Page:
Last time out, Serious Black’s ‘Magic’ was a solid and consistent offering which offered some progression on the band’s style and approach to making music but it didn’t really break any new ground in terms of stand out musical moments. Whilst not ‘genre defining’ or any other hyperbole laden statements, Magic was and is catchy and it still has a regular place on my iPod, such is the quality of the music on it. Suite 226 is the band’s 4th album comprised of original material (First Light doesn’t count as it is an acoustic stand alone consisting of tracks from the first 3 records) and it lies at a musical crossroads of sorts; do the band continue on as they are, do they make a turn and go back and revisit an older approach or do they go in a totally new direction.

Well, if the album art is any indicator, then the band’s new direction seems to be into a padded cell. Switching approach from rich storytelling through the medium of concept album to a more music first, lyrical content second approach like the first releases from the band. This, on paper at least, is a sensible move given how the traditional European Power Metal giants like Hammerfall and Sonata Arctica are seemingly stagnating which means there is a gap in the melodic side of things which is waiting for a band like Serious Black to fill it, but the problem still persists – is there more to come from Serious Black or are they blurring the lines between fantasy and reality, much like their album artwork?

You could argue they already have lost their minds when the opening track of the album is called “Let It Go” but thankfully it isn’t a cheesed-up Euro-Metal rendition of ‘that’ song of the same name. It’s just a fast paced melodic metal track which serves as a good opening number with its catchy hooks, sing-along chorus sections and simple but effective melodic leads. “When the Stars Are Right” is more of the same stylistically – fast paced, energetic, formidable drums, melodic and packing a punch vocally and the follow up “Solitude Etude” brings a touch of symphonic power to the album. With a hard hitting start which focuses more on the music than the meaning, the release does appear to start off in a promising manner.

It is here where things begin to diversify stylistically. The more fantasy-themed moments begin to surface – symphonic elements and synth/sample elements begin to become more prominent, helping shape and dictate the way the tracks flow. Whilst the blasts of orchestral inspired arrangements help add an extra edge and some atmospheric impact, the prominence of them, along with the focus shifting more to these than the core guitar/bass/drums seems to push the release towards the style which dominated the previous album. “FateOf All Humanity” is a generic sounding track, “Castiel” which follows is a much better musical offering as it offers some great vocal and melodic work, managing to balance the theatrics with the more traditional metal feel of the first three tracks on the album. “Heaven Shall Burn” is vocally commanding but extremely predictable and the same can be said for “We Still Stand Tall” – strong vocals but fairly standard melodic Euro-metal musically. “Way Back Home” serves as a kick back towards the first tracks on the release with how energetic, hard hitting and dynamic it is and the penultimate track, “Come Home” is a decent attempt at a ballad, but it does go on maybe a minute or two longer than it ultimately needs to.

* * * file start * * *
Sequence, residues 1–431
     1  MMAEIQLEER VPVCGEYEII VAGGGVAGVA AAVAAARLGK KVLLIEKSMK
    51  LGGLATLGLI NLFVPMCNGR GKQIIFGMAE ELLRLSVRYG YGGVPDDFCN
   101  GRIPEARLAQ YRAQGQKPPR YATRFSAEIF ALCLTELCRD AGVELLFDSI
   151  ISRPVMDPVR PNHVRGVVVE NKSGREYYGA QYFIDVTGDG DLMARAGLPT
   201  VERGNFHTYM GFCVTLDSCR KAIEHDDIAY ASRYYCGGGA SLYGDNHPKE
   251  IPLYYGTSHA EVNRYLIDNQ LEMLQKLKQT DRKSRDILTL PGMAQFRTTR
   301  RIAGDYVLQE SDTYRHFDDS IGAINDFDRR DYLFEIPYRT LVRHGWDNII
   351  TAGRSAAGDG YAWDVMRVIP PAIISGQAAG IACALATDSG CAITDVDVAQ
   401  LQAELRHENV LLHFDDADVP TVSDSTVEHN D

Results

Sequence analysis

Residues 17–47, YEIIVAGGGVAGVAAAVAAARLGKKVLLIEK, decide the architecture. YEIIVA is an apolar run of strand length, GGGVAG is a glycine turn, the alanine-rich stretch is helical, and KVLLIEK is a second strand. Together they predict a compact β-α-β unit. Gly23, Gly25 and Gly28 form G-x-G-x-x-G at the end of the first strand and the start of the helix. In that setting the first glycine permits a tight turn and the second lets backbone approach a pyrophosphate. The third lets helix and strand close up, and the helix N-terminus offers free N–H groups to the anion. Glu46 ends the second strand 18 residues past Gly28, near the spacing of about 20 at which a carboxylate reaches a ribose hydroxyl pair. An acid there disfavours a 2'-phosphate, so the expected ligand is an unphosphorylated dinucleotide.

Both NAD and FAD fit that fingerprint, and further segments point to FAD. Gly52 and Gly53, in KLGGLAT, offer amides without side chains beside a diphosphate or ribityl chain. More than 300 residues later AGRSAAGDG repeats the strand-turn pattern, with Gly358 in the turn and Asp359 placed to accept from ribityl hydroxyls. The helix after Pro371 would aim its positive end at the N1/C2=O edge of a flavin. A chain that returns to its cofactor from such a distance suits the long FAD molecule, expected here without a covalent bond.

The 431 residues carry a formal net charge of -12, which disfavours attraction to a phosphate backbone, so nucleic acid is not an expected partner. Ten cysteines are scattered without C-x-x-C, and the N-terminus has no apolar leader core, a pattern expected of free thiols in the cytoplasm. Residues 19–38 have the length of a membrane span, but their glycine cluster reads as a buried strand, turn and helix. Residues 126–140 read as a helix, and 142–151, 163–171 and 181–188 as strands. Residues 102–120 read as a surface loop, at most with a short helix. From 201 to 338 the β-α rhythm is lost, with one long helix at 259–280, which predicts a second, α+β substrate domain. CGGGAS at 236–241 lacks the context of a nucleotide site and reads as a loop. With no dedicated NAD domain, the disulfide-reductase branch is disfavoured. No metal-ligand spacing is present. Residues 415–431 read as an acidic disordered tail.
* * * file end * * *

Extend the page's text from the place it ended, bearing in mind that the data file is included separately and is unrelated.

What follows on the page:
Closing the album is the titular number; “Suite 226” and this, as reflected by the album’s artwork, is a themed number about life in an asylum, the merging of the subject’s perceived reality and the subject’s actual reality. It’s a lengthy track clocking in at nearly 9 minutes in length and it encompasses elements from across the release – the traditional cutting metal influences, the symphonic and orchestral vibes, strong vocal sections and infectious melodic sections. It serves as a good closing number for the release with its synoptic feel and if you were to take this track as an example for the material on the release as a whole, it does do justice – showing the shift towards the band’s earlier approach but still maintaining elements of the narrative driven symphonic storytelling they have begun to incorporate.

Overall, “Suite 226” is rather mediocre. It has some stand out moments, “Way Back Home” and “Castiel” are amongst the best of the tracks on offer and the title track, whilst lengthy does have some excellent musical substance to it, but it feels like a step backwards in terms of progression. Whilst the first two releases by Serious Black might have had momentum behind them and their brief sojourn into the world of concept albums might have kept them moving fowards, “Suite 226” seems more like a ‘low risk’ investment rather than trying to break new ground and to firmly cement themselves as a good alternative to the fading stars of the early 2000’s melodic power metal scene.

(6/10 Fraggle)